Dear Marjorie,

I’m on the floor in our spot by the window playing cards with your ghost. I had such nightmares about us last night. Buildings all over the earth were shedding their clothes. It kept raining metal and glass, drywall and bricks, until all that was left was a skeletal world of I-beam steal. I ran like a juke back dodging the falling debris, pausing here and there to try and punch in your number. But the phone kept disintegrating in my hands. I’d stop some frenzied soul and beg them to dial the number for me, but they were like, “Are you nuts? The whole world’s having a seizure.”

Anyway, I drove all the way to Butler yesterday trying to fit a church around this hurt. I sat in the back wearing stained-glass clothes and crying like a baby. I don’t brush my teeth anymore. My soul says no to food, says no to the heavy bag, hockey rink, sweat lodge. To engage in actions that fuel the body forward and thus perpetuate the pain of being?

Our dogs lunge at me like arrowheads and sometimes they get through. They still sit by the window waiting in the late afternoon for you to come home. They cock their ears to a motor’s hum gauging on some higher frequency whether a passing car is yours. I call Bandit Mr. Gray Chin now. What a big tub of love he is. Strong but arthritic. He pays the days after he lopes along next to me when I run our horses.

Mom is dying. She can’t find the bathroom or her bedroom with her almost shark eyes. Sometimes we promenade in baby steps in the sunlight while I sing some Sinatra to her. She beams and hums along, snags some of the words from the memory well from time to time. The other day she saw Roxy and L.J. totting along and asked, “Where did the lovely horses come from?” Then she looked up to see if the sky might be raining more of them, and should she be on the lookout so as not to get crushed by a falling horse. Sometimes she points to your ghost riding on Roxy’s back and waves to you.

I lost myself too far to you. I wake in the middle of the night to an emaciation. With it a forest fire of longing and love that rears in my chest but I have nowhere to put it. I feel like every seed across the earth cracking open come spring. All that power, all those stems being told for so long to go back into their shells and hold their breath. I have no words for the violence of it.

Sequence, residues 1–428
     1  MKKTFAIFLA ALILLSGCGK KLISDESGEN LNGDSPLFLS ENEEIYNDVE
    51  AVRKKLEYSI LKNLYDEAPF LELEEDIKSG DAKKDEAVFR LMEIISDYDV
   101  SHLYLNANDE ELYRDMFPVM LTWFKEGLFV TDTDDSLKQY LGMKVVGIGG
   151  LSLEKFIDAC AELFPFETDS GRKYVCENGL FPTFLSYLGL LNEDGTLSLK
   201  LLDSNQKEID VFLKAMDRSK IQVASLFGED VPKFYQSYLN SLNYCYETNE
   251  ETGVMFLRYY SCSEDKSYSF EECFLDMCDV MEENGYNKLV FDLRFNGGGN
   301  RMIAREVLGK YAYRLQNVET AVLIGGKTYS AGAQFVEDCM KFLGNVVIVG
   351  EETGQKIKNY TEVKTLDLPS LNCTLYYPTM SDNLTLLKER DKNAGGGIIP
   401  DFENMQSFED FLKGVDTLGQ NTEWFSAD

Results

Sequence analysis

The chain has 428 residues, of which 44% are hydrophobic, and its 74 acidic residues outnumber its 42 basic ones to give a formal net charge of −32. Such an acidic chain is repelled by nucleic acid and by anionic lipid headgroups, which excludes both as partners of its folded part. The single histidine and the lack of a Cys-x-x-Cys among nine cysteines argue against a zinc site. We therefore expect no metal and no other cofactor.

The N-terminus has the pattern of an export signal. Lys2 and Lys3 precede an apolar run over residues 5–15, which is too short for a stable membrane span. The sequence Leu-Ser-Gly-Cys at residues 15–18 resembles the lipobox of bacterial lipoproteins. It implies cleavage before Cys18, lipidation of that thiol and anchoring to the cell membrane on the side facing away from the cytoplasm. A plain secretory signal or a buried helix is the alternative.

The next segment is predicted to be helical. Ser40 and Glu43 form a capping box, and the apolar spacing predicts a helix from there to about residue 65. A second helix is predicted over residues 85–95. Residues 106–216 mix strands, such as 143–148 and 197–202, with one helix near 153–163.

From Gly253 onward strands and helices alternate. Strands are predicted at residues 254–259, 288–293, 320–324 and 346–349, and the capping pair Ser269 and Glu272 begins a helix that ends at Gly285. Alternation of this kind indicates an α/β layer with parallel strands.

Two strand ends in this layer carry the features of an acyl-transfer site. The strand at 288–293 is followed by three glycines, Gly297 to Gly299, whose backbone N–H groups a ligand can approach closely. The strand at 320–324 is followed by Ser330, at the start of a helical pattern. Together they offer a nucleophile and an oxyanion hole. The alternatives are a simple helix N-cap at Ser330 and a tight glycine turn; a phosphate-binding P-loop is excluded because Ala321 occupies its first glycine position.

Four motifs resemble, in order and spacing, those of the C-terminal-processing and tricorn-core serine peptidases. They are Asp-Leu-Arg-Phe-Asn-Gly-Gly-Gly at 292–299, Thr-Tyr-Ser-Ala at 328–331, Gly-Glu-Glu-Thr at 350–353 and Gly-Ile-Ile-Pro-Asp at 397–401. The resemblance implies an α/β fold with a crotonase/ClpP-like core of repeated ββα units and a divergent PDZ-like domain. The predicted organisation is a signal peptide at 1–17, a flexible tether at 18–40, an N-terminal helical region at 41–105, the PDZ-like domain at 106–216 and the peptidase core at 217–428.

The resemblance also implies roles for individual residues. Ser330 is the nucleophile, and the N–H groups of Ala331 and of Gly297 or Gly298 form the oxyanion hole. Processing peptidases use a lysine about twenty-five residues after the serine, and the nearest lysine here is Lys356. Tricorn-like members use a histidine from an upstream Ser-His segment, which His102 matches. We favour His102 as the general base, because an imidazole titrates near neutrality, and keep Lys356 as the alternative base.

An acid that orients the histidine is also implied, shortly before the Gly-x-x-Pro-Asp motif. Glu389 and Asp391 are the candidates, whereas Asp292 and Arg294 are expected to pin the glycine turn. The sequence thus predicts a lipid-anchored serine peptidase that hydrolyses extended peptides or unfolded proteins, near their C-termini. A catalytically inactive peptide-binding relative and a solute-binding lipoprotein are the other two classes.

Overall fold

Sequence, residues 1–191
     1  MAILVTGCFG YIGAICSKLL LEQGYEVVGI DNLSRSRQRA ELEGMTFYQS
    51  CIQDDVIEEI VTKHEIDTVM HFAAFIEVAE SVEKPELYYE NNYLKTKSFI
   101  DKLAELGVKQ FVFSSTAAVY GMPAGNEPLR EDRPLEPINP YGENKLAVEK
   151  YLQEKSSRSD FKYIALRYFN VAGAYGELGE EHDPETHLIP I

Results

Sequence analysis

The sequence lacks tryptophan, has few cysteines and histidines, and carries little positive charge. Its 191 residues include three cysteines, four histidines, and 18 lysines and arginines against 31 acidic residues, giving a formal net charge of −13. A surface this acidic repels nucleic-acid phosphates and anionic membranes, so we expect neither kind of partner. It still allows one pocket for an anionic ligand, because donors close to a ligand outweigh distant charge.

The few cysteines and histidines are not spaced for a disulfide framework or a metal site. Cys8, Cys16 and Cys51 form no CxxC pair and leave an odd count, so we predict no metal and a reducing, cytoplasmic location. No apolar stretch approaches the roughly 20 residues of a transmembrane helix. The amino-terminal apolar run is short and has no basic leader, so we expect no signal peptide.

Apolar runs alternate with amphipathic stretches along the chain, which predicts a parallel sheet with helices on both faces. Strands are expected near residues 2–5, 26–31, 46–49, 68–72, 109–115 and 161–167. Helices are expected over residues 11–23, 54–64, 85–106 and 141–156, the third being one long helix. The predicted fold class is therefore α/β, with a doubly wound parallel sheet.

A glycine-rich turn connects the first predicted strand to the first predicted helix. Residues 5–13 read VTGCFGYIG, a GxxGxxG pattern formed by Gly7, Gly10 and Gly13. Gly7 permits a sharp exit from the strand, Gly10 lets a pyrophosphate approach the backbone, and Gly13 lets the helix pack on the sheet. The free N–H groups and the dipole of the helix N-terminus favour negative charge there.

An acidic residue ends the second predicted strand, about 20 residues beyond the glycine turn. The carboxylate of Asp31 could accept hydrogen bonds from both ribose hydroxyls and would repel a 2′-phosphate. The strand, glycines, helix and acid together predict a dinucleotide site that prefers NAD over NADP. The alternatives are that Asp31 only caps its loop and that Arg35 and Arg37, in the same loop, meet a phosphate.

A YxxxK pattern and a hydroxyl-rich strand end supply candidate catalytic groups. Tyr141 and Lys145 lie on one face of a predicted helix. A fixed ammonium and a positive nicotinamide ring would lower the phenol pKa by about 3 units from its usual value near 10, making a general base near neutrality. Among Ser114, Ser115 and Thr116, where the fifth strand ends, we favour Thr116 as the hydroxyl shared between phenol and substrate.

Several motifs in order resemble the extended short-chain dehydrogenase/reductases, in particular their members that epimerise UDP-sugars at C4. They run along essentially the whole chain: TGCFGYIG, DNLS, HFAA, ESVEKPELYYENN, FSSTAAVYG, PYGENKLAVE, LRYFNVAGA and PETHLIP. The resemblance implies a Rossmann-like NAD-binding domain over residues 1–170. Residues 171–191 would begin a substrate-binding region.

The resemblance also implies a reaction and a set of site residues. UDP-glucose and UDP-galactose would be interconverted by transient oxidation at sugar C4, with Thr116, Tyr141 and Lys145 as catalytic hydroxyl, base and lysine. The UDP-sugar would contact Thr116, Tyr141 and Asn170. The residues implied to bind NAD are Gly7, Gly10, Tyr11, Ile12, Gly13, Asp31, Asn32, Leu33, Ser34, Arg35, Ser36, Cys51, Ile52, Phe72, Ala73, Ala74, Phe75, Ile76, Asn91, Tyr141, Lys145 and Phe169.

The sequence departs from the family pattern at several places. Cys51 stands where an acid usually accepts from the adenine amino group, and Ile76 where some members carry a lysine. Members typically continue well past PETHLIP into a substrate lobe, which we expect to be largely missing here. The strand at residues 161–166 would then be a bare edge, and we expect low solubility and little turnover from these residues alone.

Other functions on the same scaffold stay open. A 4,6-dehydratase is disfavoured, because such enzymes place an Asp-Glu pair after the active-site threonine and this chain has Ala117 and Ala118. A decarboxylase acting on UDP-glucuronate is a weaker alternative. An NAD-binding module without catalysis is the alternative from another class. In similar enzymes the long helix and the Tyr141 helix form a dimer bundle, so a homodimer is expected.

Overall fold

I’m on the floor with a sheet over my bare shoulders and the sun is coming up. The dogs are stretching and yawning. I say to Sparky, “I just don’t want to do it anymore.” Then the horses appear like phantoms out there with their white blooming breath. And that beech we climbed when we were courting. I remember a thick branch holding you. I wanted to be that arm, every arm in that tree. I could feel how the sunlight was made to surround you; could feel how it was pouring out of my chest at that moment. And you didn’t even know it. But then you did.

I had finally learned enough about love’s dance to hold back, but this great mystery kept spilling around the edges of our almost masks until the masks were gone. Then I hung myself from a branch for awhile like ripe fruit. I snapped off the vine and thumped against the ground and you fell with me. After a few moments, down there on the earth, we looked at each other and you didn’t flinch or look away. I could see how something in my nature was acting like sunlight and rain to your deepest heart. It was hitting every inch of your skin. Just then you did something and it totally ambushed me: you laid your hand on my forearm and when you did the world jolted to a halt. I felt the actual sensation of falling somewhere else where no ground could catch me. Then you laid your hand on my forearm and a second earth appeared under my feet.


John Rybicki’s latest collection of poems is When All the World is Old. His poems and essays have appeared in Ecotone, Poetry, Ploughshares, Field, the American Poetry Review, as well as in the Best American Poetry and Pushcart Prize anthologies. He teaches poetry writing in Detroit schools through the InsideOut Literary Arts Project.

Photo by Heather Kresge